Each of these discrete entities has a pluralarity of instances that are associated to one another in three possible ways. Let’s look at that next.

Persona’s belong to groups. A single persona may be a supertype to several persona subtypes. Each of these are one to one relationships. A persona may associate with members of its own group which is a recursive relationship. A persona may associate with members of another group which is a one to many relationship. Finally, a persona may be part of an “ExtraGroup” that resolves the association in a many to many relationship.


The next facet which is discussed by Moffett in his Universe of Discourse is function. But it really isn’t function. He is actually talking about the deliverable of the function. Therefore, we will talk about an instance. Each instance is not a single measure. An instance is a collection of measures which are related one to one. When Moffett talks about recording, he is talking about capturing one unique instance for each of the human senses. When Moffett talks about reporting he is talking about an instance that is associated recursively. When Moffett talks about generalizing he is talking about comparing one instance in one table to instances in another table. When talking about Theorizing Moffett is resolving a many to many relationship between two tables of instances.

Now that we’ve dealt with both of the dimensions dealt with by Moffett. Let’s look at the remaining four dimensions.

The third dimension of the basic interrogatives is step. We like to think of step and process asĀ  repeatable, however each iteration of a process is a unique three dimensional navigation through a three dimensional network of steps. We are accustomed to programming with steps, decisions and loops, however, the relational model presents us with a whole new way to think about programming if we are willing to do so. SQL can be used in place of procedural language and you do not flowchart it in the same fashion as a procedural language.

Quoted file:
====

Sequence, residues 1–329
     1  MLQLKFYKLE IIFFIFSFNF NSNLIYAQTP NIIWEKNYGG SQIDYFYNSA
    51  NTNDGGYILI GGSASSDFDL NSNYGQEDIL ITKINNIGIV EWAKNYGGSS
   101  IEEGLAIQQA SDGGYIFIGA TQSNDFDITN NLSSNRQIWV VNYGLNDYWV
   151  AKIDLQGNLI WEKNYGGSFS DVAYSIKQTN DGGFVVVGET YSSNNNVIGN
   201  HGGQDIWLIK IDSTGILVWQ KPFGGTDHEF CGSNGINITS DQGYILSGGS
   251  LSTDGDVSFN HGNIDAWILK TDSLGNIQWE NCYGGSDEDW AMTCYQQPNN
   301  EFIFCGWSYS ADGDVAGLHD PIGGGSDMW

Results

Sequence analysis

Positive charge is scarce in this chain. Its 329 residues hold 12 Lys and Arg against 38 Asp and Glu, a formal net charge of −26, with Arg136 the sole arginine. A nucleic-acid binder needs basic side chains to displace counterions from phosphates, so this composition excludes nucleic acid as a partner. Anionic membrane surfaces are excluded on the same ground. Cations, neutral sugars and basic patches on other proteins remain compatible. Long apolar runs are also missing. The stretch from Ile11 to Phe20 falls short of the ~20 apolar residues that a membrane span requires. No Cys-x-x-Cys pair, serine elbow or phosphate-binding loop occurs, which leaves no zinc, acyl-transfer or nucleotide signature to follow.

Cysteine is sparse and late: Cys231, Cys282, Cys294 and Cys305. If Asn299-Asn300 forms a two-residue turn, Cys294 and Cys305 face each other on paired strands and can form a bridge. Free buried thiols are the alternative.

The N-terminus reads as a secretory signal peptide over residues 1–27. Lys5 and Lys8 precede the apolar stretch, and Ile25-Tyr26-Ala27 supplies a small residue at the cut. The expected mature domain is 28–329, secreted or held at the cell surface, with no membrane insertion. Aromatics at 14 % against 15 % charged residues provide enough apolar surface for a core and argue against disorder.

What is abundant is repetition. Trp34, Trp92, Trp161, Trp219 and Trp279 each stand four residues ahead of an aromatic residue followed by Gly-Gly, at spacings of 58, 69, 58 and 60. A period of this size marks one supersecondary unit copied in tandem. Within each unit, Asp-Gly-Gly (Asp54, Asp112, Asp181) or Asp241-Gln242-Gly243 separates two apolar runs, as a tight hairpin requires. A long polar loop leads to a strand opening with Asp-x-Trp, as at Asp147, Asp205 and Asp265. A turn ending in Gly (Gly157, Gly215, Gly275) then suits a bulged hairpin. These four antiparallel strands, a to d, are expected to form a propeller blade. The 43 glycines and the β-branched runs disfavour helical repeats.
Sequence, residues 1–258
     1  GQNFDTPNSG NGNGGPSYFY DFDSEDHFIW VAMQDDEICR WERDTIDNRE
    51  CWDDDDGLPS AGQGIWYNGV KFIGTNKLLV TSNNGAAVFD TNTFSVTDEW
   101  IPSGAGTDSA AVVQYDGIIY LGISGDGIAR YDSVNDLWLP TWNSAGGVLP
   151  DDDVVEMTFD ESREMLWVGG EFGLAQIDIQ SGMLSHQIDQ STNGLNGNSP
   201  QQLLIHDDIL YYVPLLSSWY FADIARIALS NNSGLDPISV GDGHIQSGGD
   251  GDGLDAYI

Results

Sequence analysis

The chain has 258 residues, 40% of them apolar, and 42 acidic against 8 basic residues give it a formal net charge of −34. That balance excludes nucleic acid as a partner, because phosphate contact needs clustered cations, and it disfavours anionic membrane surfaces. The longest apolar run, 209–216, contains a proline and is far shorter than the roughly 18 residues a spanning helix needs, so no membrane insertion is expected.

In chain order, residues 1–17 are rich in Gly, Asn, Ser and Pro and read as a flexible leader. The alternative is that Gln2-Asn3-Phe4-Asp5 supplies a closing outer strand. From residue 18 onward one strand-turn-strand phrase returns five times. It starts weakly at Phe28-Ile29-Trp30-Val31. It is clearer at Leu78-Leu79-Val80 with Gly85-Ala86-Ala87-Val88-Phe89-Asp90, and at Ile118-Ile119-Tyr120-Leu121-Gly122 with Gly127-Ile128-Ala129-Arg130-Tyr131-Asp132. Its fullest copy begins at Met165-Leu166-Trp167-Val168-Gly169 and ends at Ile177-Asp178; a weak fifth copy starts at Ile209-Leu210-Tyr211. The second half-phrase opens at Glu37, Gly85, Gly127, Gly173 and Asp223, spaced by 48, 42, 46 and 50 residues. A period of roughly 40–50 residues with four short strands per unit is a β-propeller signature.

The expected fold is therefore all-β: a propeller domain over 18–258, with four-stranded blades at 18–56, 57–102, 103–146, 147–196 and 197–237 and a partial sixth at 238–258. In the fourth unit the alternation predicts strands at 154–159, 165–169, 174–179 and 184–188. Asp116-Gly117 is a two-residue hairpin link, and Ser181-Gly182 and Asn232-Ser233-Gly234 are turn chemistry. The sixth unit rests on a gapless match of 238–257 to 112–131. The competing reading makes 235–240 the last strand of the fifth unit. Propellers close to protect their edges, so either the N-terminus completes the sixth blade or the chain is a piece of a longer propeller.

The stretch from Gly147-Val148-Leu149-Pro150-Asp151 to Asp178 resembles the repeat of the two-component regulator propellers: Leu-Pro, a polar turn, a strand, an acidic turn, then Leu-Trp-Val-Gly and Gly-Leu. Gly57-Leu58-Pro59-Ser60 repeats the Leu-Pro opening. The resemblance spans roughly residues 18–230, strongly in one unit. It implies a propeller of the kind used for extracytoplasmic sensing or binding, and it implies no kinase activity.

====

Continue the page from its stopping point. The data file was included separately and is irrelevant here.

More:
Fourth is the dimension of nodes. Nodes belong to networks and networks can relate to nodes within their “family”, nodes outside their family and nodes from families that have complex many to many associations.


The fifth of the dimensions this model provides us with is event. If we look at the event dimension carefully in any complex system, we can see that time is not linear. Time navigates a three dimensional network of events.


The final dimension of our model is goal. When we look at a recursive association between goals we are talking about operations. When we associate one goal to many goals in a different table we are using tactics. When we resolve a many to many association between goals we are employing strategy.

Now, having our six dimensions we see that we have six three dimensional networks which intersect for each “transaction” or “observation”. We’ll look at this further in the next post.

Systema: Zachman Framework Abstract